Walking through Black Creek Pioneer Village, it’s easy to forget that the city of Toronto is just beyond the treeline, with thousands of commuters and traffic racing by only a few steps from the property.
Opened as a museum in 1960, the site offers a range of tours and activities that take place among its collection of heritage buildings, which include several that have been restored after being relocated from other locations in Ontario. Costumed interpreters bring to life the history of rural Ontario and show how people lived in Upper Canada during the 19th century.
“We’re on land that was owned by the Stong family, and the Stongs farmed this land through the 1950s,” said acting general manager Wendy Rowney. “They started farming in this area in 1816.”
“Black Creek is unique in Toronto in that it’s the only place you can come and really experience what life was like in the middle of the 19th century in terms of how a community operated,” Rowney said. “So not only can you talk to costumed, knowledgeable staff about the time period, you can become involved through workshops, through apprenticeships, through going on a behind-the-scenes tour to really get a better understanding of what it was like to live in the 19th century.”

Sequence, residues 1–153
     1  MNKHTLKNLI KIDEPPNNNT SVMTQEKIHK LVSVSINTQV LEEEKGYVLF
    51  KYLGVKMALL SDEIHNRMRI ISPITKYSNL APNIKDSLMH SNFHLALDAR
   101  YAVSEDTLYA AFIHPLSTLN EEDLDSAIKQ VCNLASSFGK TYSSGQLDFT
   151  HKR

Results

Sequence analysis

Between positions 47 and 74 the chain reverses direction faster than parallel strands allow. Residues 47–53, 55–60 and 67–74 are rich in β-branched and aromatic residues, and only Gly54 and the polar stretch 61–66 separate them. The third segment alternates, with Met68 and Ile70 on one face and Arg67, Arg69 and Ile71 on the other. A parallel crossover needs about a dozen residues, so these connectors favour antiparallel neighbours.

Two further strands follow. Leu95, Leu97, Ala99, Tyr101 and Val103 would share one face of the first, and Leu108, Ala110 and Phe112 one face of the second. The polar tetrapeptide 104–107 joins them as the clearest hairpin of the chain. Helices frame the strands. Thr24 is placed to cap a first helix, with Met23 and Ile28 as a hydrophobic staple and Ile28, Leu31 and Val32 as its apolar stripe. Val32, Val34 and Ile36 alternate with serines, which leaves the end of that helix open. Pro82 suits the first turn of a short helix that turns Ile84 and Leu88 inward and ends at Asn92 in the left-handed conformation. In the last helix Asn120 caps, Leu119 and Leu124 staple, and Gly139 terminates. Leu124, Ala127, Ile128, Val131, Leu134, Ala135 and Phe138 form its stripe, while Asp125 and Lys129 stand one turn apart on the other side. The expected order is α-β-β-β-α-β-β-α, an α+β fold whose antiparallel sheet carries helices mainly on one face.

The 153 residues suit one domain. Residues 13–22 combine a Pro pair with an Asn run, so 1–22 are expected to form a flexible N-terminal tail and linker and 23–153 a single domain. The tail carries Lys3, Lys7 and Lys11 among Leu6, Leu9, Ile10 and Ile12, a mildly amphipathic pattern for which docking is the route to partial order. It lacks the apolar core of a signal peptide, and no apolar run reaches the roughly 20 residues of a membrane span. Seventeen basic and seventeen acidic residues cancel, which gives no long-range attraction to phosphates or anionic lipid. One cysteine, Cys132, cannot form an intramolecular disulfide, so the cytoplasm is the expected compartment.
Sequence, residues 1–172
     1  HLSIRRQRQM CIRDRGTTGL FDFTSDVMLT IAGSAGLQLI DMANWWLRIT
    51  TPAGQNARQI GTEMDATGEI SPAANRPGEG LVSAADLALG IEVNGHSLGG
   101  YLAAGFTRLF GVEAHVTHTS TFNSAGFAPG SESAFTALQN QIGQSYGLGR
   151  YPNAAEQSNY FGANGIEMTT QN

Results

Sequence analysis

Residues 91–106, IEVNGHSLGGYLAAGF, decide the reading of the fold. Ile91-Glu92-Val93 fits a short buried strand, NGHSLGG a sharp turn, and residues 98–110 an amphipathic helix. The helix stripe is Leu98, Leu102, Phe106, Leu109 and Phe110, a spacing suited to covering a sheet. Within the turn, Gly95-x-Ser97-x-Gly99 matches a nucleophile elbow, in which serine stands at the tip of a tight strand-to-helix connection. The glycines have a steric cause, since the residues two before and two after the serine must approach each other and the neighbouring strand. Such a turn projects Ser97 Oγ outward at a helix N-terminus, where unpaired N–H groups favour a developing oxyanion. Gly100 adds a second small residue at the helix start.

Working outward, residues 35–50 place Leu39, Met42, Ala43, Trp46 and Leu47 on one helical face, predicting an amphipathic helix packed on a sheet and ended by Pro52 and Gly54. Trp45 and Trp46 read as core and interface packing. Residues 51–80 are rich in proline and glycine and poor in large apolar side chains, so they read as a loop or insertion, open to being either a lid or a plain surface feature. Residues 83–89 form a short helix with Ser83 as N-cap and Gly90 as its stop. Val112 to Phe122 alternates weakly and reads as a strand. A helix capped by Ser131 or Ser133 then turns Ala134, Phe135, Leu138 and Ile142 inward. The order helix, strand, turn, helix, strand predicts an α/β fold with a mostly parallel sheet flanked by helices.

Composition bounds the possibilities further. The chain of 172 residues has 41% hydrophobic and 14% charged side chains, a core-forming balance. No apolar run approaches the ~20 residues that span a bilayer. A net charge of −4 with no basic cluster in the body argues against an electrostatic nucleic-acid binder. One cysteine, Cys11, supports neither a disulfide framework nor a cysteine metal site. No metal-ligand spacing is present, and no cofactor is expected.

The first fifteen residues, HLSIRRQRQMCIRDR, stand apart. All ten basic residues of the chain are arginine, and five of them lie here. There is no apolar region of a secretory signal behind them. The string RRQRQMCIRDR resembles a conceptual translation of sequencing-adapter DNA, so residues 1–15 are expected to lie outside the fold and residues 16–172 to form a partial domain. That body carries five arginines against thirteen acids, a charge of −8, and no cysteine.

Programming highlights include events such as the Battle of Black Creek, which recreated a U.S. Revolutionary War-era military encampment, a festival that recreated a 19th-century carnival, and Quilts at the Creek, a series of activities involving handmade quilts.
Visitors are also encouraged to come for a full-day costumed workshop to learn how to make beer, work with iron or spin wool.
Rowney says one of her favourite buildings is Burwick House, the home of a middle-class family. “We talk there a lot about gender roles in the 19th century and how people’s behaviours and thought patterns were formed by their time period, and [we] compare that to where we are today,” she explained.
In 2009, the museum opened the Black Creek Historic Brewery as a way to attract an even larger audience. Beer is brewed on-site and served in the same way as in the 1860s.
For more about the museum and upcoming events, visit blackcreek.ca.